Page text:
How do you capture 3 separate multispectral channels (bands) in a traditional RGB Bayer color camera?

A camera image sensor is composed of pixels which measure the amount of light in varying amounts from a lot of light (white pixel), a medium amount of light (gray pixel) to no light (black pixel). Pretty much all image sensors are single (1) channel (greyscale), unless additional filtering layers are applied on top.

Traditional RGB color cameras utilize a single image sensor but produce images with 3 channels (bands). They do this by using a Bayer color filter array (CFA) over the sensor. The Bayer pattern typically has a repeating group of 4 pixels in the order RGGB (red, green, green, blue). The Bayer filter group is then interpolated into 3 image channels red, green, blue. Interpolation means the missing pixels are filled in by averaging the values of the surrounding pixels. The Bayer interpolation is how a mono single channel image sensor is "converted" to a 3 channel image sensor.

The transmission of a Bayer filter array typically looks like this:

MAPIR then installs our own band pass filters before the Bayer filter array to only allow the wavelengths we want to measure to be captured by the sensor. Here is the transmission chart for our popular RGN (Red/Green/NIR) filter:

In our RGN cameras the incoming light is first filtered by our RGN filter, then filtered by the Bayer filter array, and then captured on the sensor.

Looking at the above Bayer transmission chart you can see that each of the red, green, blue channels capture not only the associated RGB color, but also other wavelengths like Red-Edge (700-800nm) and NIR (800-1000nm). So when we use a filter like our RGN which allows NIR light to pass through, all 3 Bayer filters allow NIR light to also pass through to the sensor. That means that the resulting RGN image channels actually contain the following: Red+NIR, Green+NIR, NIR. In order to remove the interfering NIR light further processing must be done.

Measuring the assembled camera for the sensor response in each channel we can separate the channels from one another (and thus remove the NIR in our RGN example). The result will then be the expected Red, Green, NIR (image channels 1,2,3).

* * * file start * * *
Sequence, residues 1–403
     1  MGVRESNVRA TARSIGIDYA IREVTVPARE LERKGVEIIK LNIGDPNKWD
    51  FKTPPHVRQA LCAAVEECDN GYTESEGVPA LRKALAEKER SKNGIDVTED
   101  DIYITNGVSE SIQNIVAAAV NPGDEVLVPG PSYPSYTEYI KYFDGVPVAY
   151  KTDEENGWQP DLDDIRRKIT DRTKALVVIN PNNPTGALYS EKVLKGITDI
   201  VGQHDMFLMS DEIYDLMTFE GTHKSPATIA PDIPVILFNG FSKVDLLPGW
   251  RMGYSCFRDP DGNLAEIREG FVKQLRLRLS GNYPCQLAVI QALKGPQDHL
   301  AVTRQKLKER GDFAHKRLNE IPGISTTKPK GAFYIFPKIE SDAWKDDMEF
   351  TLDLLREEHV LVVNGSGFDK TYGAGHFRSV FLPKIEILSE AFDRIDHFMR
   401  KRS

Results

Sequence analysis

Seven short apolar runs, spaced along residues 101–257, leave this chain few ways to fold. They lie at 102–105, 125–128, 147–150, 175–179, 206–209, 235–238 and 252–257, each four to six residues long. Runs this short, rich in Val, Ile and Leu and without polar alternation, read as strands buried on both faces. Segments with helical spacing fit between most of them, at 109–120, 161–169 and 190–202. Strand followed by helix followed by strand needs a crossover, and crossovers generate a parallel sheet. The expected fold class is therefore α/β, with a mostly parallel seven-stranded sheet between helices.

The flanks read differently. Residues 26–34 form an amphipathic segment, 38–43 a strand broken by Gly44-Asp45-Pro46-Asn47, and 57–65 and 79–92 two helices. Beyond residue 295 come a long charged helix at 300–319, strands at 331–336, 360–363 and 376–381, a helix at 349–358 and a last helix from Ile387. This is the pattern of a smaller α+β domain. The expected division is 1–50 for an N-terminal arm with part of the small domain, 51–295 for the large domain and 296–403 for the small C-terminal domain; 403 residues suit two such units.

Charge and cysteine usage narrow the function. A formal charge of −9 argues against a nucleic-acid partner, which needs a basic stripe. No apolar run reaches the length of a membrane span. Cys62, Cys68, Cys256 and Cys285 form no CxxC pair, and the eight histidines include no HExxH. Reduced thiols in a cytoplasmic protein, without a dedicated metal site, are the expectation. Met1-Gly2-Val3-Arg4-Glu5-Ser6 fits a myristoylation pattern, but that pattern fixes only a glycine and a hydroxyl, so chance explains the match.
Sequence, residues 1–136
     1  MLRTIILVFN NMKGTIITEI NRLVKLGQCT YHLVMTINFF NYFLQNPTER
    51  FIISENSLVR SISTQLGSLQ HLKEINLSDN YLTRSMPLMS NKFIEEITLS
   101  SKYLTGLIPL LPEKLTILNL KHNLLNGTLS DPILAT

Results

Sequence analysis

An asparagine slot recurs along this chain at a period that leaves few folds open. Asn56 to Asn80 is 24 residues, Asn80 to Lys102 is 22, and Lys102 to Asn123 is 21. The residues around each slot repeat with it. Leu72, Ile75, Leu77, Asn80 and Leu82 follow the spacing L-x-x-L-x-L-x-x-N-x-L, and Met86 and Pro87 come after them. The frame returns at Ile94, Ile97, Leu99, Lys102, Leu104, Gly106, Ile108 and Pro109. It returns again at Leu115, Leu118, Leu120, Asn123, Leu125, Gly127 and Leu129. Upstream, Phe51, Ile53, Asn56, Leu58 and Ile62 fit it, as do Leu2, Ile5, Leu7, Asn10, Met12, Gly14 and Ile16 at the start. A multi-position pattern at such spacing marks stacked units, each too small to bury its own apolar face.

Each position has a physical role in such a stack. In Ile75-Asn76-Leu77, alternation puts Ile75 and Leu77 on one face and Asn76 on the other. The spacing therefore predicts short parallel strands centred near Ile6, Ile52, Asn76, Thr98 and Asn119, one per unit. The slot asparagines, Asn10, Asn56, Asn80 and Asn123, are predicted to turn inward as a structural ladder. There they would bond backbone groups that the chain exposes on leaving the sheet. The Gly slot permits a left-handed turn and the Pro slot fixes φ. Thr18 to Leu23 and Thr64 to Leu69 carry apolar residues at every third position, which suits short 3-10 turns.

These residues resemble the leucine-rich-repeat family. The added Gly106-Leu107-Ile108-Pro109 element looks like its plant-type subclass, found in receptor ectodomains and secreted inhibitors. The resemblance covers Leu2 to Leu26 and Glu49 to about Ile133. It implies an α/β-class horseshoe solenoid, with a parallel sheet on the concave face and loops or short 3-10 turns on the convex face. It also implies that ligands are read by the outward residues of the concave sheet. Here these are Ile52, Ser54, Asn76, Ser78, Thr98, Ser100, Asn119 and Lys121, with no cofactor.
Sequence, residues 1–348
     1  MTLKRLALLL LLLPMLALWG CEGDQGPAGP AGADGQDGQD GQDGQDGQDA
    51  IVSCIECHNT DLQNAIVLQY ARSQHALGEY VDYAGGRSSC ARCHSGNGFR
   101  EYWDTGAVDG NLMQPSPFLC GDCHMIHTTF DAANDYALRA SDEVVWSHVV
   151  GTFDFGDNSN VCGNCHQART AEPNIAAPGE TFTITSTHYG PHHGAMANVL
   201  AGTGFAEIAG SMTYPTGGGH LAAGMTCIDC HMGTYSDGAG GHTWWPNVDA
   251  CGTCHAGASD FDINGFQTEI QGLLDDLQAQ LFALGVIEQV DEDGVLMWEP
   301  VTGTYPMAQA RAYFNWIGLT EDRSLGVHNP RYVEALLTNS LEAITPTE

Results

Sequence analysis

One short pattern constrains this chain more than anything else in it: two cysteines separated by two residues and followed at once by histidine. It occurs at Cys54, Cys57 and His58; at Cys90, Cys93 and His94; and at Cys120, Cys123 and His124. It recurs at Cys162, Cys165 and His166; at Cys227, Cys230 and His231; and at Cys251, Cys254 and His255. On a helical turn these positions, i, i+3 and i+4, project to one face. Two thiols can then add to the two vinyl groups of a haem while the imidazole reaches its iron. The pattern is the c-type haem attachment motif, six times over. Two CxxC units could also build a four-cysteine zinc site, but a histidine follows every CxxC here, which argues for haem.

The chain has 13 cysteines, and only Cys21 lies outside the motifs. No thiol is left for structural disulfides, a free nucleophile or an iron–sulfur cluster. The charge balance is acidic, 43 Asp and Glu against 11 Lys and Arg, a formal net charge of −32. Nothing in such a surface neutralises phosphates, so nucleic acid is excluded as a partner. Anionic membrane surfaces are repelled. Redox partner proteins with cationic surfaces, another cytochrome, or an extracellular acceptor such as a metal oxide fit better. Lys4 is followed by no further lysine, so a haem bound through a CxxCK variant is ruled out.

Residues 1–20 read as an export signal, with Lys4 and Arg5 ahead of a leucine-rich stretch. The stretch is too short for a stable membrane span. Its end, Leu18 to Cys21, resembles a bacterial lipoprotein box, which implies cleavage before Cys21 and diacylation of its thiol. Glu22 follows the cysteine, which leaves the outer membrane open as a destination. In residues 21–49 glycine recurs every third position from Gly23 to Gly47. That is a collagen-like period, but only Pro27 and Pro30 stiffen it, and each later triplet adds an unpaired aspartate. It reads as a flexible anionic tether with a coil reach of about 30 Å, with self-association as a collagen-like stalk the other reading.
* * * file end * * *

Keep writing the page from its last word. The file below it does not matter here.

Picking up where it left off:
Without using the sensor response measurements to correct the pixel data the pixel values will not be correct. If you capture Red + NIR, you do not know how much Red light there is. When you process these images using a multispectral index, such as NDVI, if the image channels have not been corrected for sensor response the resulting index (i.e. NDVI) values will not be correct.

To convert the corrected pixel values to reflectance see this page.

Here is an example of a RAW image from a MAPIR Survey3W RGN camera that has been debayered (Bayer interpolation applied). Notice how green the top white reference targets are, due to twice as many green filters in the Bayer CFA.

Here is the image corrected for sensor response and calibrated for reflectance, which looks similar to if the image was white balanced.

Our RGN filter allows Red, Green, and Near Infrared (NIR) light to pass through to the sensor. The green grass around the calibration target mostly reflects NIR light, which is why it is overly blue in color. Blue light is blocked from reaching the image sensor, so the NIR 850nm light is what is captured in the blue (3rd) image channel. The green light that our eyes see is much less intense than the NIR light being reflected, which our eyes cannot see.

Here are the original debayered image's 3 image channels from left to right: Red, Green, NIR. Remember the Red and Green channels also captured NIR light.

Here are the same 3 image channels corrected for sensor response and calibrated for reflectance, from left to right: Red, Green, NIR.

Notice how the last photo in each row, the near infrared (NIR) light channel is much brighter than the middle green light channel after correction. That is because healthy green grass reflects a lot more NIR light than it does green light. If we could see NIR light as humans we could be easily blinded when looking at sunlit healthy vegetation.

Contrast is the difference between bright and dark pixels. Notice that the contrast between the Red (1) and NIR (3) channels is much larger/higher after the correction.

The NDVI index compares the difference between the Red and NIR contrast. For vegetation the NDVI value typically ranges from 0.3 (unhealthy) to 0.8 (healthy).

On the below left is the non-calibrated NDVI image from the RAW image, and on the right is the corrected calibrated image. The NDVI scale is the typical range 0 to 1 for vegetation analysis.

The non-calibrated image above has NDVI values that are incorrect, which is why they are all so low in value. You can see the image better if you change the scale to -0.5 to 1 below.

Match the NDVI value with the color in the middle gradient LUT legend. Keeping in mind that healthy grass is typically greater than 0.6 and you can see how the low grass values on the above left non-calibrated image of 0.2 are incorrect. Since the image is not calibrated it also cannot be compared to an image you take tomorrow.

It is important to process your images correctly and adjust the contrast (LUT) scale accordingly, otherwise you may produce incorrect results.